“In the 1950's and 1960's, political leaders enjoyed much more public trust than they do today, enabling tougher economic decisions to be taken. The budget deficit culture, from which the western world is still trying to free itself, is symptomatic of a loss of political authority.”
-- Peter Warburton, Debt & Delusion (1999)
You’ve probably never heard of Peter Warburton, but he wrote one of the best books I’ve ever read on the nature of money and credit: Debt & Delusion. He wrote it in years leading up to the cresting of the epic credit bubble that popped in 2008. The book is hauntingly prophetic. Peter is one of those lonely economists who actually understands that supply matters. No surprise, perhaps, that he hails from the frozen north of England. He’s a true independent thinker, to whom I am indebted for helping shape my own framework on money, credit and inflation.
I met with Peter last week during his visit to New York, and as always, he got my wheels turning. His expertise and nuance on credit markets is particularly relevant. There is more debt today in the economy than before the 2008 financial crisis. (This is the case just about any way you measure it – domestically, globally, in real terms, in nominal terms, as a % of GDP, etc.) There is no one I know who has thought more deeply and creatively than Peter on this subject.
Two Key Questions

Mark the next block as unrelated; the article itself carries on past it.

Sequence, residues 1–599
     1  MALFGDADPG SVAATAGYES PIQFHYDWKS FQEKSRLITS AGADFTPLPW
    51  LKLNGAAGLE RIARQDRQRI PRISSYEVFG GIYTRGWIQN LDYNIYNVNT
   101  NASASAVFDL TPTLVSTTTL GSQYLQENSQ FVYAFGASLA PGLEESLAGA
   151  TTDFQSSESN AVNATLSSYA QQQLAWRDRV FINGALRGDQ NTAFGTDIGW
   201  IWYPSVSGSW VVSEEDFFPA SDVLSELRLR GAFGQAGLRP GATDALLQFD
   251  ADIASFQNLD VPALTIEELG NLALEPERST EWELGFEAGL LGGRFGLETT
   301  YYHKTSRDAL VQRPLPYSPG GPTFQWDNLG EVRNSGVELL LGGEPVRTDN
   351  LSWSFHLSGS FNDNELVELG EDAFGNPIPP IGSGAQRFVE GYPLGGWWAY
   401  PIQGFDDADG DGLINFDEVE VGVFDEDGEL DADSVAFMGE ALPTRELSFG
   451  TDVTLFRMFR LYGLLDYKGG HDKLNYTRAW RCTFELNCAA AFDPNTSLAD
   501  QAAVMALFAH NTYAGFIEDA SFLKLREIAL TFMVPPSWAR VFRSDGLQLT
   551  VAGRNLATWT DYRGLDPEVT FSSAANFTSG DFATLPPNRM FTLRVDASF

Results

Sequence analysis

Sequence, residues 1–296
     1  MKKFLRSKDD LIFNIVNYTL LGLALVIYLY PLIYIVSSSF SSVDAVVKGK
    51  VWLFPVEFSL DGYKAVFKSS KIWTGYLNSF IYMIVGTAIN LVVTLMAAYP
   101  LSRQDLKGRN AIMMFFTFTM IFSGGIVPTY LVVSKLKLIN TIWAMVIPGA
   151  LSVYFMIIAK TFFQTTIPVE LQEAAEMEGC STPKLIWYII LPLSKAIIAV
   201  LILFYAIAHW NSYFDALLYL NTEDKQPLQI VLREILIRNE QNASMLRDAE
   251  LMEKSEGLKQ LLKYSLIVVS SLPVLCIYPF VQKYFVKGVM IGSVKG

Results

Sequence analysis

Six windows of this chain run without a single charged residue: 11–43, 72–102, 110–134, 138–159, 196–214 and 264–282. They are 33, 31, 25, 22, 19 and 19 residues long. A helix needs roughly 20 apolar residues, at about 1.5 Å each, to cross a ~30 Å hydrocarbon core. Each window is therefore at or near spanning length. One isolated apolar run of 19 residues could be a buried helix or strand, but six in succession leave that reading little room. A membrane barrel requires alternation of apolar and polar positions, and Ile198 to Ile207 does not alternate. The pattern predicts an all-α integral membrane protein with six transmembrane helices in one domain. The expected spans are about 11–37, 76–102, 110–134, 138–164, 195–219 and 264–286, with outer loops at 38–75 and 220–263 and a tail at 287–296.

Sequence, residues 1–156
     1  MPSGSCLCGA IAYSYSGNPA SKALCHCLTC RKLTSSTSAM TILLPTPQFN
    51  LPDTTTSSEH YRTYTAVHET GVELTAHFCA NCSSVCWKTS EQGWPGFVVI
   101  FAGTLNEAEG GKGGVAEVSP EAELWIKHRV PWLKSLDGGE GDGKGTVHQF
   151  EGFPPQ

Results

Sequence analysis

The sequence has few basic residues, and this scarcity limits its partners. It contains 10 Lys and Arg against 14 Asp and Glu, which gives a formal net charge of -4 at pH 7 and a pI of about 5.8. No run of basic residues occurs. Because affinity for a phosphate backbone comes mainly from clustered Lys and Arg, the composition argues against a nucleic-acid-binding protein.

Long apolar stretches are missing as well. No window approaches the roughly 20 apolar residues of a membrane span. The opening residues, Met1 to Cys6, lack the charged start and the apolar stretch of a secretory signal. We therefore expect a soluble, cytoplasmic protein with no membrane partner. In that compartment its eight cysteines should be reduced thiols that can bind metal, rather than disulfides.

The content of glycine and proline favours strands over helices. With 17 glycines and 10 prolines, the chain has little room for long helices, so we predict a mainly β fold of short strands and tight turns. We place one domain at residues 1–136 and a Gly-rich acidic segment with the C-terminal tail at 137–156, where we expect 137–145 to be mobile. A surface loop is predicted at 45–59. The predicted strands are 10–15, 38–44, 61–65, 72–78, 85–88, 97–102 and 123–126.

Peter contends that there are major structural forces gathering that threaten to break up the framework to which we have grown accustomed. There is potential for much more inflation than we have known for some time.
There are two key questions that Peter says we must each answer:
Do you believe today’s low interest rates are naturally low or artificially repressed?
Do you believe that central banks have adequate control?
Your answer to these questions should be reflected in your portfolio. If you believe that rates are at a natural level and/or that central banks are in control, you should feel comfortable that securities prices (stocks and long-term bonds) are rationally valued at today’s levels. If, however, you believe – or even suspect – that current rates are artificial and that the Fed may not ultimately be in full control, you should ensure your portfolio is properly balanced, or hedged, to defend against a potential shock to stock and bond prices now “priced for perfection”. Today’s prices are near historically high levels – levels that do not appear to contemplate the potential for a surprise pick-up in interest rates, inflation, or risk premiums.
Two Competing Theories
Peter explains that there are two competing theories explaining the nature of today’s extraordinarily low interest rates. One contends that they’re natural, a result of a “savings glut”. The alternative theory holds that rates are artificially repressed. Proponents of each would summarize them in this way:
“Savings Glut” – Excessive rates of savings globally have resulted in a glut of capital chasing a limited supply of opportunities. This over-supply of savings naturally led the price of money (interest rates) to fall.
“Financial Repression” – Government has orchestrated an unnaturally low cost of capital in order to foster an economic expansion fueled by debt. The result is that we have built a huge credit structure, which has inflated the prices of assets (financial and real estate).